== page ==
Ashe Schow of the Washington Examiner looks beyond the rhetoric of “Equal Pay Day.”

It’s that time of year again when gender activists claim women are discriminated against en masse by employers and paid less than men as a result. These activists will refer to this alleged discrimination as the gender wage gap.

There is a gap between men and women, but it is not a wage gap — it is an earnings gap. Working women earn less on average than working men, but it is not due to some widespread discrimination or the elusive, conniving patriarchy.

Rather, the gap is due to the different choices men and women make during their education years and careers. The current gap — estimating that women earn 79 cents to the dollar that men earn — is a two-cent improvement from when I first started writing about the topic two years ago. But the real issue is not what the number is, but the misleading methods by which it is derived. In order to calculate a 21-cent earnings gap, one must overlook that the average working woman works in a lower-paying field and works fewer hours each week than the average working man.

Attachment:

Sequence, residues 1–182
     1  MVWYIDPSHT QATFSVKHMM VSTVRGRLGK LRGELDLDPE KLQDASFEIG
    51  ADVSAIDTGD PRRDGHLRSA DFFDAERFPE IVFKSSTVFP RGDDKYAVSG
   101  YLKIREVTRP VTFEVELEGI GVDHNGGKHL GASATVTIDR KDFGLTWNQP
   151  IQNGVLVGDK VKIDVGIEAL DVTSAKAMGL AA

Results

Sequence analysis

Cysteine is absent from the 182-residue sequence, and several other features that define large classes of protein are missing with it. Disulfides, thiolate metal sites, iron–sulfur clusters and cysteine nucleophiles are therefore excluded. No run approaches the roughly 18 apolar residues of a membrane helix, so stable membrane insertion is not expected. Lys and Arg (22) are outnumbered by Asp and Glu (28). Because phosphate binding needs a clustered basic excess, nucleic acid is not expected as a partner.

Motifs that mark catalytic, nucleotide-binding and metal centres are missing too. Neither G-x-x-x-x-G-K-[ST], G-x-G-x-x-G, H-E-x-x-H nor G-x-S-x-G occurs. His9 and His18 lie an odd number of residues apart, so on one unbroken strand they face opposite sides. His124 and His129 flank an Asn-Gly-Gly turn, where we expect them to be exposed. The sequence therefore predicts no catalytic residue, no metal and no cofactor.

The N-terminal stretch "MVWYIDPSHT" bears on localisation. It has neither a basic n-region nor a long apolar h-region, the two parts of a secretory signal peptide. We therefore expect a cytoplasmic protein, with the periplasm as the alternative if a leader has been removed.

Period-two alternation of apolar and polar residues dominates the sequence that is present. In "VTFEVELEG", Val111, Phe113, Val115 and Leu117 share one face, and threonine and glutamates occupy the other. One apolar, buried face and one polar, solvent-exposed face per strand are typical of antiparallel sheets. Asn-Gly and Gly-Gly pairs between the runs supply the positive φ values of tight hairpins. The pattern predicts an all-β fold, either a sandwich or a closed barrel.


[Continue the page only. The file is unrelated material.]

The gap nearly disappears when you adjust for these factors, and the causes of the much smaller gap that remains cannot conclusively be linked to discrimination, either. The White House knows this, the American Association of University Women knows this, and yet these two groups continue to push the idea that the gap is due to discrimination and suggest solutions based on that assumption.